design puzzle : avoid collision with protein where the target protein is sticked

Case number:699969-2009946
Opened by:nspc
Opened on:Sunday, July 5, 2020 - 13:16
Last modified:Monday, July 6, 2020 - 17:26

In design puzzle, we create a protein that have hydrogen bouds with a zone of a target protein.

This target is often stick with an other protein in real life, and we have to make sure there is no collision on it with our protein.

There is a zone that have movable sidechains in the target, it helps us to know were we have to create bouds. But it is not enough.

We can have collisions with the other sticked proteins, and we can't know that in game.

It can be interesting in some designs to have contact with target protein, not only in the movable sidechain zone, but a little around.
Because we need something that stay stick, and sometimes a part of the shape around can be used.

It can be usefull to avoid mistake too. This is already hapened with hight score proteins.

To resolve this : We can just add a zone that represent a part of the protein where the target is sticked, or just add a zone that make clashs if our protein go on it.

(Sun, 07/05/2020 - 13:16  |  2 comments)

agcohn821's picture
User offline. Last seen 17 hours 37 min ago. Offline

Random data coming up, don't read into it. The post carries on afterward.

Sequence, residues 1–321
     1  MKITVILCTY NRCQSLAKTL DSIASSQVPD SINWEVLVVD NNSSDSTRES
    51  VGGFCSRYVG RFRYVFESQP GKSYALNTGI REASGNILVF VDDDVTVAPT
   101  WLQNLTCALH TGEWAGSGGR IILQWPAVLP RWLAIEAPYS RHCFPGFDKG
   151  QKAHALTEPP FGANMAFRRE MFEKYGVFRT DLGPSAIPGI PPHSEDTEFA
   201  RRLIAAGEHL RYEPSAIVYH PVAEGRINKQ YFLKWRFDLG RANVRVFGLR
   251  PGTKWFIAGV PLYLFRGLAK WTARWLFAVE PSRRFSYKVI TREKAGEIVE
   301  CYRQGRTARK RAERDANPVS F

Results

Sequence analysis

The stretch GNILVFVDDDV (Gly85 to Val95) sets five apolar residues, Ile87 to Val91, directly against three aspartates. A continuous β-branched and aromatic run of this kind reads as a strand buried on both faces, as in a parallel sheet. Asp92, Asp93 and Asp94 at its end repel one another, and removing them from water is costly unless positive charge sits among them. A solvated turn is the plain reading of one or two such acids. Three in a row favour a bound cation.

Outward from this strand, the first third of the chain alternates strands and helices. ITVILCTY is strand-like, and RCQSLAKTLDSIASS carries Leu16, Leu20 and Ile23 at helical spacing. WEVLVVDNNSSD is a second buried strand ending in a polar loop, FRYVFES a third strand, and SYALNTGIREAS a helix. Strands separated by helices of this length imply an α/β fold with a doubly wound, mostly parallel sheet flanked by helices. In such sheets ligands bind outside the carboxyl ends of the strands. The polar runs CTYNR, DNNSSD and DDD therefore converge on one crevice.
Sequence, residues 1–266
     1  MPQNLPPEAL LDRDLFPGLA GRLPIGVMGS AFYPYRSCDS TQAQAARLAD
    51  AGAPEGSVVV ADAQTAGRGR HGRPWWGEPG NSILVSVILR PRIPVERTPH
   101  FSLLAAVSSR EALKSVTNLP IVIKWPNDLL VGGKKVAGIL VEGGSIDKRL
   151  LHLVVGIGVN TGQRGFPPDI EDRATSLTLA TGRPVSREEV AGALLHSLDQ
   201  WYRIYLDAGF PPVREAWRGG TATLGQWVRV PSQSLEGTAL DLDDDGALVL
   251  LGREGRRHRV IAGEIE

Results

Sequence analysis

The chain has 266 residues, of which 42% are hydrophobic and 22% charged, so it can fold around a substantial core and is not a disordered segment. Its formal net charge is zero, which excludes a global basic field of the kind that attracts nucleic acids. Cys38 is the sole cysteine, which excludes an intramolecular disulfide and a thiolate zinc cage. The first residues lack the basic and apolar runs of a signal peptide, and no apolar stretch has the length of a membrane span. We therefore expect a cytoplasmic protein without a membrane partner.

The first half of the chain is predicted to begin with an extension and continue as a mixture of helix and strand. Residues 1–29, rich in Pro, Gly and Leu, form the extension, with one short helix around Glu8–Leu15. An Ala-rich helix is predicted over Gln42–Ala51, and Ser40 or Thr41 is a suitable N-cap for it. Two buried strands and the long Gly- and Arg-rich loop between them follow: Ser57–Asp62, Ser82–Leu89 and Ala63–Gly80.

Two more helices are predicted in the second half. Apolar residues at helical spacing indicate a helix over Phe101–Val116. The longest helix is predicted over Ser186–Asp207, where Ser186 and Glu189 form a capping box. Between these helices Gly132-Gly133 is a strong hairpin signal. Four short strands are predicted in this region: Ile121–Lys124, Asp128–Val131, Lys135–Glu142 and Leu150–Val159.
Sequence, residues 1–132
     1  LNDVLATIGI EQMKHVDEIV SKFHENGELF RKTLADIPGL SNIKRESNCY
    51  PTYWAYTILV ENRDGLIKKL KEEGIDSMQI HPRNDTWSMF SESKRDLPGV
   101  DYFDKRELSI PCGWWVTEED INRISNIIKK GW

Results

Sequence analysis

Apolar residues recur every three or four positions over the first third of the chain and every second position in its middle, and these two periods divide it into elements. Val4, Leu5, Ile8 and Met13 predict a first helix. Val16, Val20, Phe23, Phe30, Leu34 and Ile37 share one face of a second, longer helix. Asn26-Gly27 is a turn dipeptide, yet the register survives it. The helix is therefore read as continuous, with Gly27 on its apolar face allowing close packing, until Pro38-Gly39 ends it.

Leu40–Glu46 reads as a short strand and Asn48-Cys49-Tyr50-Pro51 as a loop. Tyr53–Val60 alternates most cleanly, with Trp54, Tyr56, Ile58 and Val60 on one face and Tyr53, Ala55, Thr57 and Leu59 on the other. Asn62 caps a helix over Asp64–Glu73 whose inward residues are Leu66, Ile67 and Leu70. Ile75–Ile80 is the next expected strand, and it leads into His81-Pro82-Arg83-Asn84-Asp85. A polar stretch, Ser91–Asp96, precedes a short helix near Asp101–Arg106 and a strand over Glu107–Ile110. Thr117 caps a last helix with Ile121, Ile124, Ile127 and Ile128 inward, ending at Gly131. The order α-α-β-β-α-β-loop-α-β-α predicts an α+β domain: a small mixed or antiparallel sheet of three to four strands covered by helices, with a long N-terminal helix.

Joined: 11/05/2019
Groups: Foldit Staff


Hi NSPC--thank you so much for your suggestion--I have passed it along to the team.

bkoep's picture
User offline. Last seen 1 hour 30 min ago. Offline
Joined: 11/15/2012
Groups: Foldit Staff

Great idea! (And thank you for the helpful illustrations!)

You're right: many Foldit puzzles contain only a fraction of the target protein. It might be possible to make a solution that looks good with that fragment, but would clash with the full target protein.

We've discussed a few fixes for this problem, and I like your suggestion. We may implement something like that in the future. For now, our current approach seems to be working okay. Looking at recent puzzles, very few Foldit solutions actually run into this problem.


Developed by: UW Center for Game Science, UW Institute for Protein Design, Northeastern University, Vanderbilt University Meiler Lab, UC Davis
Supported by: DARPA, NSF, NIH, HHMI, Amazon, Microsoft, Adobe, Boehringer Ingelheim, RosettaCommons